- wholly-owned, or leased, or with an elevated monthly hosting cost.
- the non-product pages or content handling ability - how easy is it to publish text, images and videos on the site, on pages that are not product listings? This is an absolutely crucial aspect now.
- the product capacity is a factor. Many sites have less than 1,000 products so it isn't an issue. It will be if you have 50,000 products though. This determines the class of application to be used. A large number of sites have about 2 or 3,000 products, so almost any application could be used.
- the stock management capability is a factor for larger sites. Some applications have simple arrangements, some have every possible bell and whistle. You must choose, for example, if you need spreadsheet uploads and stock level displays in the front end - or if all that is not relevant to your operation.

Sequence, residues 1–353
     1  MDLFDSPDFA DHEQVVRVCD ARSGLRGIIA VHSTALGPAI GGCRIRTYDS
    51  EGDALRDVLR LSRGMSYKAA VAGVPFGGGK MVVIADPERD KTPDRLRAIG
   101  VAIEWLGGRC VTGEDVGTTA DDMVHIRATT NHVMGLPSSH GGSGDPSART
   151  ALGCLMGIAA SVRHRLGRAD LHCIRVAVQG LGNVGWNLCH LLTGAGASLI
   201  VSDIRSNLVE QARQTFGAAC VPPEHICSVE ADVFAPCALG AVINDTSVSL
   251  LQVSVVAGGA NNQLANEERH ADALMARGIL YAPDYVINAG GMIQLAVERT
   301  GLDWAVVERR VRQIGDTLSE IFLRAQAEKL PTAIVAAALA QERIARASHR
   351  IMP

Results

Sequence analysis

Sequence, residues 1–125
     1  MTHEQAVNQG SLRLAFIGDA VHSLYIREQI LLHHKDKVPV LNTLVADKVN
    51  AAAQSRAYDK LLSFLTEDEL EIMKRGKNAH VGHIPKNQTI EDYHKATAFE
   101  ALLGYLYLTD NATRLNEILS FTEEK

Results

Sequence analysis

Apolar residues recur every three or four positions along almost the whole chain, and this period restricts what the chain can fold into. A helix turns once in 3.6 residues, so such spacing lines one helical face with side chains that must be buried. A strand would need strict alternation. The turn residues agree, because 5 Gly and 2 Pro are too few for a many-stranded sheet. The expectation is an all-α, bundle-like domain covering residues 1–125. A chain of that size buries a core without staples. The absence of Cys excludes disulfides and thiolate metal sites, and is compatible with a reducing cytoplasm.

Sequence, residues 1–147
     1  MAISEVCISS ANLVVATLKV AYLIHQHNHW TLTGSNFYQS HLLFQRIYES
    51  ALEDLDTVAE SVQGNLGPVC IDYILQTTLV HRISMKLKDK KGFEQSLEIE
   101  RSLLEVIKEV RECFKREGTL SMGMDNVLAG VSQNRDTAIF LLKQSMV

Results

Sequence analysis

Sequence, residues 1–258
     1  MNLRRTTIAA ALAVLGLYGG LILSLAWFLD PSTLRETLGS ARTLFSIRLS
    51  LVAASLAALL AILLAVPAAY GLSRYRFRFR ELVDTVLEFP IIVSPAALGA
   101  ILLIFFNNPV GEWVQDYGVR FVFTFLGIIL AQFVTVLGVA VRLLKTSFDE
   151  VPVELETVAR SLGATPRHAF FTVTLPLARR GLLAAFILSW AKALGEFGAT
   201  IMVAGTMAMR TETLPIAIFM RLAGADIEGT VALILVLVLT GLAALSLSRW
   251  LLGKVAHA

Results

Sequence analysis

- accounts package integration is important for most sites now and becomes critical with scale. There is a point at which an ecommerce site should integrate their accounting software with the backend, or the manual workload becomes too high. A few high-value sales will not be difficult to manage, but bulk sales are very difficult to manage efficiently without accounts integration and stock management capability.
- the requirements for US, UK, and Euro sites are different. You have to state your hosting location and your market area/s, then decide the options.
...and a few more options of course that are best discussed with your supplier.
The ecommerce SEO advantage
We are experts with ecommerce SEO and can prove it. An ecommerce site is one of the hardest types to work with as frequently the code is of low quality, the product details are identical on a thousand other sites, there is no text, image naming is sub-optimal, the URLs are appalling -- and so on. Ecommerce SEO is hard.
In fact there are several well-known cases of big-name SEO firms, who make a lot of noise on the Net, failing miserably with ecommerce applications and being sacked. This is not the right area for search marketers, it's a hard tech area where technical background is everything.
Because of these factors our ecommerce sites do extremely well against the opposition, and it's not unusual for a medium size site under our management to place right at the top of the search results along with monster multinationals with over 1 million links. Quality is the key - as always.